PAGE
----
Rogue fake punt call vs. Titans likely last straw in Lions parting ways with Brayden Coombs

Detroit News

Justin Rogers

James Hawkins
 
| The Detroit News

Not much has gone well for the Detroit Lions this season, but one area where the team has consistently excelled is on special teams.

That wasn’t enough to save first-year coordinator Brayden Coombs, who was fired Monday after calling an unauthorized fake punt during the team’s 46-25 loss to the Tennessee Titans. 

Interim head coach Darrell Bevell said the move to relieve Coombs, 34, of his duties was “an organizational decision.” Bevell noted he has been given authority to manage the coaching staff and the decision started with him, but it wasn’t a call he made on his own.

Bevell said he spoke with team president Rod Wood about parting ways with Coombs before waiting to hear back from Wood and the team’s leadership group.

“As I started this job here three weeks ago, I talked in terms of, for me, it was a five-game audition. For each and every one of us, it was an opportunity to show our best selves, show who we are, play together as a team,” Bevell said Monday. “Everybody had an opportunity to be evaluated. Whether you’re being evaluated here, whether you’re being evaluated for somewhere else. It was part of the evaluation.

“The (fake punt) decision yesterday that was made in the game was not a correct decision. I thought long and hard about it last night, and I ended up talking to Rod and told Rod what my thoughts were. Then Rod and the rest of the leadership group made a decision and then helped me in that decision.”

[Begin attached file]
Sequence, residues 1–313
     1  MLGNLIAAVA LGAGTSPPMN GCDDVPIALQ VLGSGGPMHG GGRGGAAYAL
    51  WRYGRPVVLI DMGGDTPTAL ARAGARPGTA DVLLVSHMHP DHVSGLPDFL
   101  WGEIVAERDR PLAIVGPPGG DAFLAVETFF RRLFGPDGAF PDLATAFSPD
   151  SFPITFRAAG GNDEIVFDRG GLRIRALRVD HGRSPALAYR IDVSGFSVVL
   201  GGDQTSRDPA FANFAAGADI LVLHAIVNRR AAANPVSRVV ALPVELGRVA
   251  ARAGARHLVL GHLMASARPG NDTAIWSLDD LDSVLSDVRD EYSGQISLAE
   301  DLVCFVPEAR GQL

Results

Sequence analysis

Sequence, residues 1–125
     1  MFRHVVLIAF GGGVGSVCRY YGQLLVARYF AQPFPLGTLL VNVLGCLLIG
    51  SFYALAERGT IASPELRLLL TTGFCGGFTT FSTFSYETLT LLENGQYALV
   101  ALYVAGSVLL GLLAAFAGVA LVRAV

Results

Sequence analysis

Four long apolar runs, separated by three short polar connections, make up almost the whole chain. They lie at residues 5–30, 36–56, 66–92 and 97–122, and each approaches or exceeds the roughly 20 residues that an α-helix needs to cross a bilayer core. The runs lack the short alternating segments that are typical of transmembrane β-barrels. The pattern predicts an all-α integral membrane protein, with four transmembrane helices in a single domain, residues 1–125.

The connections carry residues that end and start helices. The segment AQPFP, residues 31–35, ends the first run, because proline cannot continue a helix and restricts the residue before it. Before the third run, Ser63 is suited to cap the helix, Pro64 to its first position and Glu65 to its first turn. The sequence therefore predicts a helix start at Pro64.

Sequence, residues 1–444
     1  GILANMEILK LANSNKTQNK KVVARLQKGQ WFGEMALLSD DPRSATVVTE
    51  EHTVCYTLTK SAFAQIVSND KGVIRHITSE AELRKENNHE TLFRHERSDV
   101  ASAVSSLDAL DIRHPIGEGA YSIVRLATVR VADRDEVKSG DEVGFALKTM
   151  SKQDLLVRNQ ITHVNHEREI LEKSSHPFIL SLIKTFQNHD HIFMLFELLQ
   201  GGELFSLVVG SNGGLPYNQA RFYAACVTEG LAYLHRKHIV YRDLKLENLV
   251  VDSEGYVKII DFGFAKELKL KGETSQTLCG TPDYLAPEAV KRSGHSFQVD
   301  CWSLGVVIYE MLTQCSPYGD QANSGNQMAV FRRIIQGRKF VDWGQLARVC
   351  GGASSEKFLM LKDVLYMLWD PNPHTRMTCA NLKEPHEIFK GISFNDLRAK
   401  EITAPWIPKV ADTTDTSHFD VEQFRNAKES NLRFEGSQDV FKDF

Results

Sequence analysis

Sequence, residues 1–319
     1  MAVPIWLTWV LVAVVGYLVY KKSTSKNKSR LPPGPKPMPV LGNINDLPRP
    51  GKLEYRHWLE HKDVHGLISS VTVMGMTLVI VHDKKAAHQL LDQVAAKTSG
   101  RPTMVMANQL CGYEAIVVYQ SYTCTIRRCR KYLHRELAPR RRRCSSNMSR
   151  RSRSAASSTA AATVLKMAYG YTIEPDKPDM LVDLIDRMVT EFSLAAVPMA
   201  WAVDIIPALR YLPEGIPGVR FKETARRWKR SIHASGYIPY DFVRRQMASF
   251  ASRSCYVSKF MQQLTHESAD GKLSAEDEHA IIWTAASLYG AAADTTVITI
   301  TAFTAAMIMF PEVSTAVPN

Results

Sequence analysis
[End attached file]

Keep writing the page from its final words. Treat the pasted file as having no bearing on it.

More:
According to a team source, organizational frustration had been brewing with Coombs for some time, with a belief the coordinator was overly focused on self-promotion. But it was the rogue, in-game decision against the Titans that was allegedly the final straw. 

The source explained that Coombs called a fourth-quarter fake punt without consulting other members of the coaching staff, and not even all 11 players on the field were aware of the play call.

With the Lions trailing 32-18 and facing a fourth-and-4 at their own 31-yard line with 12:09 remaining, safety C.J. Moore received a direct snap and failed to secure a first down. The Titans took over at the Lions’ 34, scored a touchdown six plays later and the rout was on.

When asked about the fake punt after the game, Bevell didn’t indicate it was dialed up without his approval.

“As far as the decision, the punt, we like some of the fakes that we have,” Bevell said. “We feel like (Moore) is a guy that’s got some good speed, have an opportunity to get the edge blocked and get him on the edge, so we ended up going with that. We could have definitely left the offense out there as well, but with the clock and where the time was, it seemed like a good opportunity for that.”

However, when asked Monday if it was accurate that Coombs called the fake on his own, Bevell replied: “Yes.”

Bevell said given the situation and variables in play — timeouts, time of game, score and quarterback Matthew Stafford taking a couple shots on the drive — he communicated to Coombs that he wanted to punt the ball away.